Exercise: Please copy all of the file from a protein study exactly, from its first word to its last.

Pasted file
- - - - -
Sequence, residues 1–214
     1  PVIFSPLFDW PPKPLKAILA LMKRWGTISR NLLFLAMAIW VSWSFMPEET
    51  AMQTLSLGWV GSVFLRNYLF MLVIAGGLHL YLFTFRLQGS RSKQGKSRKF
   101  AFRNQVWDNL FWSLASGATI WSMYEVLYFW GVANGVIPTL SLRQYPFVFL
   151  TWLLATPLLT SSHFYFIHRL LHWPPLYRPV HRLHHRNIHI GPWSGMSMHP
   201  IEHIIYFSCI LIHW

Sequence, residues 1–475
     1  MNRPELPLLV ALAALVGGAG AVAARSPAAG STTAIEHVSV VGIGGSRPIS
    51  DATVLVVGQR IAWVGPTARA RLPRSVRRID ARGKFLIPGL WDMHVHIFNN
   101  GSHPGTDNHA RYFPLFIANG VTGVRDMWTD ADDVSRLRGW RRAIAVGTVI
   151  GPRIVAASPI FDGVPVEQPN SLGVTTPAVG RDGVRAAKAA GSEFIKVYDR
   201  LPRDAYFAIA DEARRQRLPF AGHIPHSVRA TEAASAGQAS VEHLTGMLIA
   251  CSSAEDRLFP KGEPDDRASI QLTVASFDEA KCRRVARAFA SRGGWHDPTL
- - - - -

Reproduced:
Sequence, residues 1–214
     1  PVIFSPLFDW PPKPLKAILA LMKRWGTISR NLLFLAMAIW VSWSFMPEET
    51  AMQTLSLGWV GSVFLRNYLF MLVIAGGLHL YLFTFRLQGS RSKQGKSRKF
   101  AFRNQVWDNL FWSLASGATI WSMYEVLYFW GVANGVIPTL SLRQYPFVFL
   151  TWLLATPLLT SSHFYFIHRL LHWPPLYRPV HRLHHRNIHI GPWSGMSMHP
   201  IEHIIYFSCI LIHW

Sequence, residues 1–475
     1  MNRPELPLLV ALAALVGGAG AVAARSPAAG STTAIEHVSV VGIGGSRPIS
    51  DATVLVVGQR IAWVGPTARA RLPRSVRRID ARGKFLIPGL WDMHVHIFNN
   101  GSHPGTDNHA RYFPLFIANG VTGVRDMWTD ADDVSRLRGW RRAIAVGTVI
   151  GPRIVAASPI FDGVPVEQPN SLGVTTPAVG RDGVRAAKAA GSEFIKVYDR
   201  LPRDAYFAIA DEARRQRLPF AGHIPHSVRA TEAASAGQAS VEHLTGMLIA
   251  CSSAEDRLFP KGEPDDRASI QLTVASFDEA KCRRVARAFA SRGGWHDPTL